Tale out of school: one evening in September 1983, not long after Bauhaus had split up, I wandered into my local dive bar to find David J doing an unadvertised solo performance in the back room. It was the first time that I had heard my new pal playing solo and I watched, fascinated, as he worked through tunes from his first solo album The Etiquette of Violence. After a few numbers I remarked to a friend “Well, it looks as though Dave’s going for the ‘John Cale of the Group’ ticket.” With that. I headed out to the lavatory. On my return, I walked into the room to find David halfway through a cover version of “Fear is a Man’s Best Friend”. Oh, how we laughed!”
Where are you these days, creatively? What impression would you most like to be making these days, as a creative exponent (to include social commentator, musician, and any other chosen themes)?
Oddly enough, having just written that stuff about Cale, I fell to thinking about this question and realised that I do rather seem to be trying to follow in his footsteps to some degree. Even in the days when our stuff was considered borderline comical (and there was the occasional joke, I have to admit!) a lot of the songs were about disassociation, rejection and ‘walking away’. More recently, the lyrics have become more overtly ‘dark’ while the tunes have become simpler and more melodic. I’m on record as saying. ‘What I do is not entertainment.’ People can take that as they will.
Because there is very little work out there for an act like mine, and therefore very little money, I can’t currently afford to keep a full-time band, so the vast majority of my live performances are solo affairs. One ends up with a single elderly, not very photogenic gent with a guitar, playing pretty tunes with sour, disassociated lyrics. Top ten material it is not.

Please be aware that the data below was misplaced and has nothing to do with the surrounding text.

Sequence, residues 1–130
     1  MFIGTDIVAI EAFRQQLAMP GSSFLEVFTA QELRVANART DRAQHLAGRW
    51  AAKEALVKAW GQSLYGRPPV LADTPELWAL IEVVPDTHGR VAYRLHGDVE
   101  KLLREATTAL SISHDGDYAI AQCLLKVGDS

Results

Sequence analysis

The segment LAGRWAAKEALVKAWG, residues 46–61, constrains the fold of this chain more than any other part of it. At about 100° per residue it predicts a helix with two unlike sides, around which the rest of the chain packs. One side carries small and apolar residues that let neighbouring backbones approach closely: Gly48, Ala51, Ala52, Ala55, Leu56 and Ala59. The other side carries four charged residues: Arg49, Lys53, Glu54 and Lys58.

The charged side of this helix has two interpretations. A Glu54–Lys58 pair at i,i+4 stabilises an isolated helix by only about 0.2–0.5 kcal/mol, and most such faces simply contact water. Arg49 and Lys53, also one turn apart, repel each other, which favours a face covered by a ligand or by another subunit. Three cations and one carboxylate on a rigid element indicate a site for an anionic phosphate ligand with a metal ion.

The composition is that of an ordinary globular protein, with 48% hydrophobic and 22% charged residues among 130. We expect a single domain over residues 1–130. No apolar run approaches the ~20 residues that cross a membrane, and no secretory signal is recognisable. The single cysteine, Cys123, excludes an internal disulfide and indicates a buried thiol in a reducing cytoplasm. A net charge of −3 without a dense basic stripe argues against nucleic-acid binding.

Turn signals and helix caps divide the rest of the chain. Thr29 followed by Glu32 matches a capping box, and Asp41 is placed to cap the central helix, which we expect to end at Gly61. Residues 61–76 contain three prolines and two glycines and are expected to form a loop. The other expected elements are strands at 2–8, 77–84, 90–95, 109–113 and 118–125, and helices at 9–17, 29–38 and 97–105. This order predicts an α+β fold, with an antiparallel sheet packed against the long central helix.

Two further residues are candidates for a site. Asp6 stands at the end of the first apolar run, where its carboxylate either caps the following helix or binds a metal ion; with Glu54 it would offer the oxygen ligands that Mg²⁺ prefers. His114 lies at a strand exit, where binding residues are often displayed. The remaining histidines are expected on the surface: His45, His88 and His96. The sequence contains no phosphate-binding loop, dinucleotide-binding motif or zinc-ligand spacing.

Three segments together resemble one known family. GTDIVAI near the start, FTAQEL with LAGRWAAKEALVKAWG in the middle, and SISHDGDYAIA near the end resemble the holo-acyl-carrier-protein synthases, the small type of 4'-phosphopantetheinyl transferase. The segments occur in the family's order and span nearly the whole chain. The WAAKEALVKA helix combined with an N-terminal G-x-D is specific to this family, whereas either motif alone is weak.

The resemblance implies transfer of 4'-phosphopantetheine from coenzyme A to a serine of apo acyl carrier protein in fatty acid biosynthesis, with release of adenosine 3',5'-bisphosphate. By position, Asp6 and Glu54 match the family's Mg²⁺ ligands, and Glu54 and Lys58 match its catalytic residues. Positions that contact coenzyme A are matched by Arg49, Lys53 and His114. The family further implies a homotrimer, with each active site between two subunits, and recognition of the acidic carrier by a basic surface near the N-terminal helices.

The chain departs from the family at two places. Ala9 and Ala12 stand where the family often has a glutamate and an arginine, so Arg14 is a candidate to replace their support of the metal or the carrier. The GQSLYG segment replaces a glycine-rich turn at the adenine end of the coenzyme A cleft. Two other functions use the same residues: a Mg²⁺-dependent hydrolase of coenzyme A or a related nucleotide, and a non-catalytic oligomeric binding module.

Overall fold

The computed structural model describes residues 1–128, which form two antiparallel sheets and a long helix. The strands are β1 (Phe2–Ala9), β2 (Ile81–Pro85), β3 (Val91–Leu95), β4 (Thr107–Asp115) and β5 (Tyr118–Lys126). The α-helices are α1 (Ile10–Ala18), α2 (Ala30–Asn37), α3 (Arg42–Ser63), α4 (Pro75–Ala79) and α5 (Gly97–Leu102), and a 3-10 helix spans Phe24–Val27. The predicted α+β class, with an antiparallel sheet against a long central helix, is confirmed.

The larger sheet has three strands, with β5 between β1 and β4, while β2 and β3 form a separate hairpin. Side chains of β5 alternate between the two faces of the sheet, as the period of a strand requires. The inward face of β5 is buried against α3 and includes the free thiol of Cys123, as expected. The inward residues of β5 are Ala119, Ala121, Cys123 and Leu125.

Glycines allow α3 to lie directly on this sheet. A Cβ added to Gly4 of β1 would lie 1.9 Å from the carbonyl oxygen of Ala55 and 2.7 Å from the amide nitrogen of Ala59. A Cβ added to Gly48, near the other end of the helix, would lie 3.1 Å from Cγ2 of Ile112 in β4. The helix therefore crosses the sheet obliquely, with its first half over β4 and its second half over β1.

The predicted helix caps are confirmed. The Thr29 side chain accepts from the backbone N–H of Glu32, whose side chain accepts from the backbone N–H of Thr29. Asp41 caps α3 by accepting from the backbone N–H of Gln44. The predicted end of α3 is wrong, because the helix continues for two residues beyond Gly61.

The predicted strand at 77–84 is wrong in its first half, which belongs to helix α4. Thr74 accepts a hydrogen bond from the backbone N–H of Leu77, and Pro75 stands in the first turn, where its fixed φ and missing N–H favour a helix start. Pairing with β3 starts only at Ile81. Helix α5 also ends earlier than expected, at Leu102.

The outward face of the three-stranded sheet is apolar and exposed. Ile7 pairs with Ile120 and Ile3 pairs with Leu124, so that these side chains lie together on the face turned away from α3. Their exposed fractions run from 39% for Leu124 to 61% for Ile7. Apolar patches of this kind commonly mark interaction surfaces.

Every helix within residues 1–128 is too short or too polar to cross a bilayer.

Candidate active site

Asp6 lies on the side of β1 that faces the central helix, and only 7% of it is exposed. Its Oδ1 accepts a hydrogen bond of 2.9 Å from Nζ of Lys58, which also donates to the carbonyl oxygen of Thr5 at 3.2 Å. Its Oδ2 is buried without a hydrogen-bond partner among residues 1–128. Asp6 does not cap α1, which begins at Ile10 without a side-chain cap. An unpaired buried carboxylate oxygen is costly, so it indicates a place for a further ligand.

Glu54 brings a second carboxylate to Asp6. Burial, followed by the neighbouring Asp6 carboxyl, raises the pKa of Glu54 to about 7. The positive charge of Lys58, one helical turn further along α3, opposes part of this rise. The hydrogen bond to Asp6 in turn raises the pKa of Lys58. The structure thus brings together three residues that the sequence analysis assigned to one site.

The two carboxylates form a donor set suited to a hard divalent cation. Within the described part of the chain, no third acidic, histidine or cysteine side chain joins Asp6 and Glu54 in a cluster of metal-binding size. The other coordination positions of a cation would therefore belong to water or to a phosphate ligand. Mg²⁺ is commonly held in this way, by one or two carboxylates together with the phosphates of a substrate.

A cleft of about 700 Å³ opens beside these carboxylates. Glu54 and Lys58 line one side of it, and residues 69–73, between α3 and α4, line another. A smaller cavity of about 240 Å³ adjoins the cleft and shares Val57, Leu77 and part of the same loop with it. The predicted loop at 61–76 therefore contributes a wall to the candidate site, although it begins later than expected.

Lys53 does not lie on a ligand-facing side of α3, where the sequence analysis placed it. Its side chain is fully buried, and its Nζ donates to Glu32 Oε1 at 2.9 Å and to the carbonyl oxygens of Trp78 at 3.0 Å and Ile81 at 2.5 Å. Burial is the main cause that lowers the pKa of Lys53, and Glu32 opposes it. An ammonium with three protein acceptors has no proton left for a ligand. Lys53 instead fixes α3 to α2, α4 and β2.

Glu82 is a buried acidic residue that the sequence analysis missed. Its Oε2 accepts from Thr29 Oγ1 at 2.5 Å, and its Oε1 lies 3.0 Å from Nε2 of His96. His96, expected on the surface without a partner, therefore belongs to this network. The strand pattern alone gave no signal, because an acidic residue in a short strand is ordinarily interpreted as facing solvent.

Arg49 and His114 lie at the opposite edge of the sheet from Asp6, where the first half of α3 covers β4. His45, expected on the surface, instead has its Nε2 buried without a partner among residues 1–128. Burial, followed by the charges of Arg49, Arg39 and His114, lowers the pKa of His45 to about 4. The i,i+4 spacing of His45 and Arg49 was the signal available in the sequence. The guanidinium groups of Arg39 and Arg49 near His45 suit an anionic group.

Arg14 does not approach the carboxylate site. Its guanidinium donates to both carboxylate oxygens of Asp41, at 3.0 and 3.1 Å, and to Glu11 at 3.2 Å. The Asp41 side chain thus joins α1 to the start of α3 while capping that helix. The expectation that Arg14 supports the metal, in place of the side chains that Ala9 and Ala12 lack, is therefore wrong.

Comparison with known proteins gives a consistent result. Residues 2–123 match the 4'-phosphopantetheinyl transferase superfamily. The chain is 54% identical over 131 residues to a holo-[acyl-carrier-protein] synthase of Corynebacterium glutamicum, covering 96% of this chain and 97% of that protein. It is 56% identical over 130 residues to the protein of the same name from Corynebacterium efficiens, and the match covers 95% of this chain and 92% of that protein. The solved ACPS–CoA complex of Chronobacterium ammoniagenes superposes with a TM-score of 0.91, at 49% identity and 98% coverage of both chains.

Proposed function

The Cale influence, then, is still very much in effect, as is the lingering influence of his old band mate Lou. I love classic soul music (as did they) and that is becoming more and more of an influence on my songwriting too. My guitar sound owes much to both John Martyn and Syd Barrett. The attitude that I hope to convey owes much to the languid insouciance of Kevin Ayers, whose appearance on children’s tv singing Marlene Dietrich’s “Falling in Love Again” with a bottle of Champagne and an exploding piano blew my teenage mind.
Grace under pressure? A warm heart in a cold world? Or the sound of an enormous steel door in Hell clanging shut forever?* It’s really not for me to say.
I understand this lockdown is making people who live in part by public appearances rethink their next steps. I don’t really dig the virtual thing as a substitute for live stuff, but I’m about to shoot some vids of me reading shorts and link to a Patreon page to see what happens. What are you gonna do next as a performer?
Just as the “lockdown” started, I saw some bloke with a guitar advertising his “live” gig on Facebook. There was a photo of this unprepossessing geezer with an acoustic guitar and, behind him, a large, home-made poster screaming ‘PAYPAL ME!!!’ I shuddered at the grasping vulgarity of it.